Ethical Leadership

This is a short post and while it might be short it is most certainly NOT sweet. Sorry about that but this is not a topic any of us can afford to sugarcoat. 

In a perfect world “ethics” and “leadership” would be redundant. You would never need to see the words “leadership” and “ethical” together because when you saw one the other would just be assumed. Unfortunately, we do not live in a perfect world.

In business, in politics, in nonprofit organizations, and even in some religious organizations, ethics is anything but a given.

No organization will have higher ethical standards than the organization’s leaders. Leaders are the model for the type of behavior that will be accepted in an organization. Leaders who merely pay lip service to the importance of ethics should expect limited attention to ethics from their people.

Leaders who want to develop high ethical standards within their organization should make certain that their people understand that ethics are more than a training program. Almost every strategy session and planning meeting should include a discussion of any potential ethical implications. Open communication and shared responsibility for an organization’s ethical behavior will create an environment of trust where people can feel safe when speaking about ethics. When ethics can be openly discussed then they become more than a class or a manual, ethics become a way of life for the organization and it’s people.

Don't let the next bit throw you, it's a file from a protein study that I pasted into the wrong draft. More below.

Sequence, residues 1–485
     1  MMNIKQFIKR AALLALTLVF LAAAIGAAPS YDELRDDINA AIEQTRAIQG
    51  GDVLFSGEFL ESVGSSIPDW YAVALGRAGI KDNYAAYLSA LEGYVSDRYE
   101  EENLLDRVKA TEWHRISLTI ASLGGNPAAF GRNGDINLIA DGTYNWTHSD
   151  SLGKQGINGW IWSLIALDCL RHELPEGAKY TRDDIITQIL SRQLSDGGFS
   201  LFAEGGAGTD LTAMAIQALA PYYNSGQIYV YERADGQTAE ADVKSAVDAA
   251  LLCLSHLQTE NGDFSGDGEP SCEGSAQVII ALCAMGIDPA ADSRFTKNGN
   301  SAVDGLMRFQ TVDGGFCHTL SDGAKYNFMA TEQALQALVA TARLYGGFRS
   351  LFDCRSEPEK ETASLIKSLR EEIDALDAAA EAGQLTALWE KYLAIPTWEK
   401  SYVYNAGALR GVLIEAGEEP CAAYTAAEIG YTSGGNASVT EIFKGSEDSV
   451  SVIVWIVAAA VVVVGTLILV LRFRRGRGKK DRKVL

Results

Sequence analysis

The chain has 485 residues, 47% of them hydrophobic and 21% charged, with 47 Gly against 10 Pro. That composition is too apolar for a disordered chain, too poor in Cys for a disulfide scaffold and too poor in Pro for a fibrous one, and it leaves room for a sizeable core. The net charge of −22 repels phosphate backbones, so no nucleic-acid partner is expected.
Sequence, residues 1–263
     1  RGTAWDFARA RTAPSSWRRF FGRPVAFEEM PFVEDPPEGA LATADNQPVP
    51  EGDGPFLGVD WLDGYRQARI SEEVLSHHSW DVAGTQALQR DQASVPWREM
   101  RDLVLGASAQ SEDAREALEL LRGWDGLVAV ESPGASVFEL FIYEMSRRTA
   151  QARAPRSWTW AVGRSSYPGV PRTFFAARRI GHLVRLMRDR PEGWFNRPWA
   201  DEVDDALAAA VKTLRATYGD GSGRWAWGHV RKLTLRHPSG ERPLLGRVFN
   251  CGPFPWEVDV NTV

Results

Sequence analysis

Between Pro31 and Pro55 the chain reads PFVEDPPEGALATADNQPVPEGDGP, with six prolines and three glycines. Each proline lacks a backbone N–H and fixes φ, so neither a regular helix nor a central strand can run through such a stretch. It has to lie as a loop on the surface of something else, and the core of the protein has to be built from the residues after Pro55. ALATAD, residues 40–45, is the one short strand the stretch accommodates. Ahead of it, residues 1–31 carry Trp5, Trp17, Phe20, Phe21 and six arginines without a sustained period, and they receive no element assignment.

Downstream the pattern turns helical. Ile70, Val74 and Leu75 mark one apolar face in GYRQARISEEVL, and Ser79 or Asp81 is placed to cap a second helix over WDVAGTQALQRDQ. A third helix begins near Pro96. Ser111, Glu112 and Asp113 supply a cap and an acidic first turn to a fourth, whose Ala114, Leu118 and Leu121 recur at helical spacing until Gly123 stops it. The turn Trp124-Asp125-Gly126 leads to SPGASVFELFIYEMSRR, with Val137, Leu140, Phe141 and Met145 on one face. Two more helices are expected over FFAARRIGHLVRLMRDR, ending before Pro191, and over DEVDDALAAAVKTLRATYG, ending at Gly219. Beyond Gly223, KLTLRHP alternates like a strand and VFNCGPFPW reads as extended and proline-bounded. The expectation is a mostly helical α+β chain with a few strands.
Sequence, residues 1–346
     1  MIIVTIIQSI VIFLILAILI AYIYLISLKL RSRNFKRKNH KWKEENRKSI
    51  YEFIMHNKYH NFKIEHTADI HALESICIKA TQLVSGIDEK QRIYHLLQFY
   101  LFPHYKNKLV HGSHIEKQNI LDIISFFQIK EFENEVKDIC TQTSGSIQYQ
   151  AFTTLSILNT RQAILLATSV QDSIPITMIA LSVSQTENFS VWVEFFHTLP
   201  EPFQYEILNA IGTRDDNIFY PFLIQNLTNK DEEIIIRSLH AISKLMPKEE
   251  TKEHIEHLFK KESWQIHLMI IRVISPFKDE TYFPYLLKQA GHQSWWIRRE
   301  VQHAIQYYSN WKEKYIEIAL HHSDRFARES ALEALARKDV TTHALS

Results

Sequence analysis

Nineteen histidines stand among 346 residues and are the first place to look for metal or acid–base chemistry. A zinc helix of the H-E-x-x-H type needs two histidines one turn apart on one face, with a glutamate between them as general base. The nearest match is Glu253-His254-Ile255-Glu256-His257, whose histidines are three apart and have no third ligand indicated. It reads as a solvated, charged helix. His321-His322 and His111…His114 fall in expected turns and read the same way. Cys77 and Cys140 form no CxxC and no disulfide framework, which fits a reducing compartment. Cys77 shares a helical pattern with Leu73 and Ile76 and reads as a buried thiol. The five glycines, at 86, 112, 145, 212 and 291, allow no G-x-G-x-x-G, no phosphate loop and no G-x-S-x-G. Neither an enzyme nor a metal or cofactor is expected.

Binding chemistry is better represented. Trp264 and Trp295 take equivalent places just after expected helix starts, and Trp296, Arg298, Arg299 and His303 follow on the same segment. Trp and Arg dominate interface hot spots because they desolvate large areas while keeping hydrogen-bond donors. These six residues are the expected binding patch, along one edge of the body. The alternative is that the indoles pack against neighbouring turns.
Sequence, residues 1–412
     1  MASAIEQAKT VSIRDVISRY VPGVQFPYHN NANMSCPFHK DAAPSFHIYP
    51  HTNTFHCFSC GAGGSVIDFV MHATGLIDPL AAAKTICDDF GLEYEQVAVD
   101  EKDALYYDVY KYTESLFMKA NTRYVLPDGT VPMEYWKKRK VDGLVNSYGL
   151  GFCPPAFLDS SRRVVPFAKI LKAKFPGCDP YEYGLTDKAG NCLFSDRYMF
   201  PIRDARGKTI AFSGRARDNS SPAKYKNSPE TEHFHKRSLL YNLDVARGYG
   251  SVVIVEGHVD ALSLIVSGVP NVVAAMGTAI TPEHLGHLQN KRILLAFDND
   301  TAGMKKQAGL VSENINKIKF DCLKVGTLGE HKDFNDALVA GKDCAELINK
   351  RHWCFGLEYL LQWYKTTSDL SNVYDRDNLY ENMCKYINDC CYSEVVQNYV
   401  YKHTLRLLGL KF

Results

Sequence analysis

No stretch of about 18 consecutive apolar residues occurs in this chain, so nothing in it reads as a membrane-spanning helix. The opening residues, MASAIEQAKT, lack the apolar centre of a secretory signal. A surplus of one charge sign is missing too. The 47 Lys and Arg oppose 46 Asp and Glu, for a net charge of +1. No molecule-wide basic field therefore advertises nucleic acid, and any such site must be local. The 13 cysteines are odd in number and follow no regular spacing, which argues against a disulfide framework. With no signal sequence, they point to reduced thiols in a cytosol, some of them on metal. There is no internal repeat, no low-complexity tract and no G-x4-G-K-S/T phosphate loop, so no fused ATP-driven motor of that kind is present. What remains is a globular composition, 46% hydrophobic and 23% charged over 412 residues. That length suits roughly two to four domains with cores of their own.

There can be no exceptions when ethics are involved. Ethical leaders don’t allow excuses; they know that when excuses come through the door ethics go out the window. Ethical standards are either absolute or there are no ethical standards. Everyone, absolutely everyone, in an organization must be held accountable. Senior leaders and high profile managers set the tone for an organization’s ethics, if the tone they set is one of allowable exceptions then exceptions may become so common that no one takes ethics seriously.

Ethical leaders understand that the influences their people experience are constantly changing and as a result they must remain on guard for any and all ethical traps that their people could fall into. When ethics become ingrained into everyday actions those “traps” are far less dangerous. 

Ethical organizations are a product of ethical leadership. If you’re concerned about the ethics of your organization then look in the mirror, the odds are you’ll find at least part of the problem looking right back at you. 

 

Do Ethics Matter?

I don’t like starting posts with a disclaimer but for this post I think I have to. So here is the disclaimer: I am not as ethical as I think I am. Just for the record it’s highly likely that you aren’t as ethical as you think you are either. 

My personal battle to always be ethical is never-ending but at least I try…. or at least I try to convince myself that I try. I also sometimes try to convince myself that something that I think might not be ethical actually is. That way I don’t have to feel bad when I do it. More people than not are just like me in that regard.